WINNIPEG - Steve Mason and Connor Hellebuyck are getting along well in the short time they have been teammates, even though they are competing for playing time this season.
"They have a great relationship right now." said Jets goaltending coach Wade Flaherty. "On the ice they work together very well. So I'm really happy with where it's at and (Mason) coming to the team, coming to a new team, I think he's fit in perfect."
Flaherty was pleased with all the one-on-one time that he had with Mason, Hellebuyck, Michael Hutchinson, Eric Comrie, and Jamie Phillips throughout training camp. Especially with Mason being the new guy in town, after the Oakville product signed as a free agent back in July.
"You're building that one-on-one connection," said Flaherty. "We're both trying to get to know each other so we got the one-on-one time going. Saw him in the exhibition, obviously I've watched video on him and there were some things that we wanted to discuss and work on, and we accomplished those things."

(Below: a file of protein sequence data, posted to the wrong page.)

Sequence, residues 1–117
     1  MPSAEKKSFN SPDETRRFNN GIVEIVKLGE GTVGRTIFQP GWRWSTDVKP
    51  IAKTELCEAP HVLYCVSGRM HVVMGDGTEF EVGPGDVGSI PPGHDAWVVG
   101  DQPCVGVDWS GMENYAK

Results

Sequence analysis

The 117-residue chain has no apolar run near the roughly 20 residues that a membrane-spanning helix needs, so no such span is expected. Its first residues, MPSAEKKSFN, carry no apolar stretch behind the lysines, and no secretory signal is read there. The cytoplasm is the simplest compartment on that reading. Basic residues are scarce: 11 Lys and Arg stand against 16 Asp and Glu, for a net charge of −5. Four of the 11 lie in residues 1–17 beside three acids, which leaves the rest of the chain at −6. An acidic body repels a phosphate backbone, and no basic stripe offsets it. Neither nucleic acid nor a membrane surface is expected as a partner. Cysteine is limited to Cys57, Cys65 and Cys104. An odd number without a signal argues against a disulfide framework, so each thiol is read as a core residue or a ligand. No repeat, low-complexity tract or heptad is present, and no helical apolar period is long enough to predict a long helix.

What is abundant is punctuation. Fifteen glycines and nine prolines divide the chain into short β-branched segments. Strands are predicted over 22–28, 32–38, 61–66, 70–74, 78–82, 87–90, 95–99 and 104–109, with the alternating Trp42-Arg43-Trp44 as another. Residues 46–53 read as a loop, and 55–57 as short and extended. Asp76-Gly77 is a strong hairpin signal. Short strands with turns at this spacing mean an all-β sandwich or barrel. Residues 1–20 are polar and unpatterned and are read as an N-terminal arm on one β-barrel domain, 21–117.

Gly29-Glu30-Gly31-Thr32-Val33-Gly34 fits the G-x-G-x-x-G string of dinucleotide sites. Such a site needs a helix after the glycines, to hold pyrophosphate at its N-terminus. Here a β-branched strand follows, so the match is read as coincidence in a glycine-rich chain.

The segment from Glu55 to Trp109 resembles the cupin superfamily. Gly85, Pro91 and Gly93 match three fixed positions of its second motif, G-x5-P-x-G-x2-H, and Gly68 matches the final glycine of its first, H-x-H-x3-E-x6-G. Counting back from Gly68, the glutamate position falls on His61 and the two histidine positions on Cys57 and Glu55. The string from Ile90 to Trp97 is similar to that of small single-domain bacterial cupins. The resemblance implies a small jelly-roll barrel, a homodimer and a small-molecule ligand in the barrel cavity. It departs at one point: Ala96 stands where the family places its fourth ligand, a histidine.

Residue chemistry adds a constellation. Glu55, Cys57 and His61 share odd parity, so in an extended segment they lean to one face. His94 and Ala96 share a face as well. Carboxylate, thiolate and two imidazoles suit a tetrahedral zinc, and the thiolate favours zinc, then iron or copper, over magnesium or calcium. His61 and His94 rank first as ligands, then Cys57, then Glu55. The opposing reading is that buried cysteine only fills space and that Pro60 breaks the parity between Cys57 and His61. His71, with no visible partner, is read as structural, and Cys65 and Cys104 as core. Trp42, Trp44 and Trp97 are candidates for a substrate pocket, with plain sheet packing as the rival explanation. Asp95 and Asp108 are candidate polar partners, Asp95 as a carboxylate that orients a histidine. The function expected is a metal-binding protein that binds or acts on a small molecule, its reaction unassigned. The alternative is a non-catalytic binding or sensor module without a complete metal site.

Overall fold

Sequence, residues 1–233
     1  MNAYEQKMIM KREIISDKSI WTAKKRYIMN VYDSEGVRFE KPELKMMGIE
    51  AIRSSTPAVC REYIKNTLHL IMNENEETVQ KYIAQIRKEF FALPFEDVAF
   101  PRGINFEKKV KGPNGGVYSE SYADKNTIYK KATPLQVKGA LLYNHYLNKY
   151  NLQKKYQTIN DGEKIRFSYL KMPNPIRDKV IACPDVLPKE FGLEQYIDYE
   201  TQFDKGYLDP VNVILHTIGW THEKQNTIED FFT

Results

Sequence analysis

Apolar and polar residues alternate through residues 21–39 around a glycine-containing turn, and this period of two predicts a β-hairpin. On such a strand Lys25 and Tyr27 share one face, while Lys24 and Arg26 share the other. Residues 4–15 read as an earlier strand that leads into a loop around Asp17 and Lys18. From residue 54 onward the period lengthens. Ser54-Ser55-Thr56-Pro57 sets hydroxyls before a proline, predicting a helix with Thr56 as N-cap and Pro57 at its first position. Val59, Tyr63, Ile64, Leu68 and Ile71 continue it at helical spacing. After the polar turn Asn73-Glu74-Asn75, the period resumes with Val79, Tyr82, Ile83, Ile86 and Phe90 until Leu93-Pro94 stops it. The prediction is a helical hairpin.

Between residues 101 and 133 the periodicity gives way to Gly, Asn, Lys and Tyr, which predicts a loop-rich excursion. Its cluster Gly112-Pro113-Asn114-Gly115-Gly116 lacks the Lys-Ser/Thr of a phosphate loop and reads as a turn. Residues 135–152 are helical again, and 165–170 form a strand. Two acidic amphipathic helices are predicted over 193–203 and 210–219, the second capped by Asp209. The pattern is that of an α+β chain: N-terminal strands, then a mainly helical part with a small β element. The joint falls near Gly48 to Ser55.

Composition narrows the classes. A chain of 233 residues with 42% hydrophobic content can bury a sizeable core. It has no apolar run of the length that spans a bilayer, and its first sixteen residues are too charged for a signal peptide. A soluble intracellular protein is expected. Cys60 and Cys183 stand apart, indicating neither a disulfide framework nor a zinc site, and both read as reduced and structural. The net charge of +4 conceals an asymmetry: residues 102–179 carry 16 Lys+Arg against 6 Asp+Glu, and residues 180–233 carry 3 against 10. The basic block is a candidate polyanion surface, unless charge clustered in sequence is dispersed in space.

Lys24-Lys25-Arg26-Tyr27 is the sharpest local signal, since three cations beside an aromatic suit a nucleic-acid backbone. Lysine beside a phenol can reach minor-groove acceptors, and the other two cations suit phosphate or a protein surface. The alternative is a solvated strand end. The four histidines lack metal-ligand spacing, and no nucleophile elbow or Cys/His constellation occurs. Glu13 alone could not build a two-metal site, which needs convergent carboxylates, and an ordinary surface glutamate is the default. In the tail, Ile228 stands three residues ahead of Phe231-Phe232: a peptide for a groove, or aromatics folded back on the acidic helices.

"The same with Helly (Hellebuyck),"continued Flaherty. "Helly had a really busy summer, working on a lot of things. I have that relationship with Helly, I know what he was working on."
NHL IN CHINA
Earlier this month the NHL returned to China with a couple of preseason games between the Vancouver Canucks and Los Angeles Kings in Shanghai and Beijing respectively. Flaherty knows all about playing hockey in Asia, and likes the idea of expanding the game there. During the 2008-09 season, Flaherty played 36 games for the China Sharks in the Asia League of Ice Hockey.
"That's what they were trying to do back then (grow the game), and it was through the San Jose Sharks," said Flaherty. "Greg Jamison (former president and CEO of the San Jose Sharks), and (China Sharks GM) Chris Collins and they were trying to develop hockey over there."
Flaherty was 39 at the time, trying to recover from a shoulder injury, and had thoughts about just retiring from hockey. Then the idea for him to play and serve as the goaltending coach for the Chinese national team was presented to him.
"I didn't even know there was hockey in China," said Flaherty. "But the more I talked to them, the more interesting it got. Because they were talking about developing hockey from the grass roots and that was the goal, that was the plan. It just didn't work out that way.
"Went over there, had a blast; it was all North American style out there. From the coaches, to the trainers, Chris (Collins) was management and they took great care of us."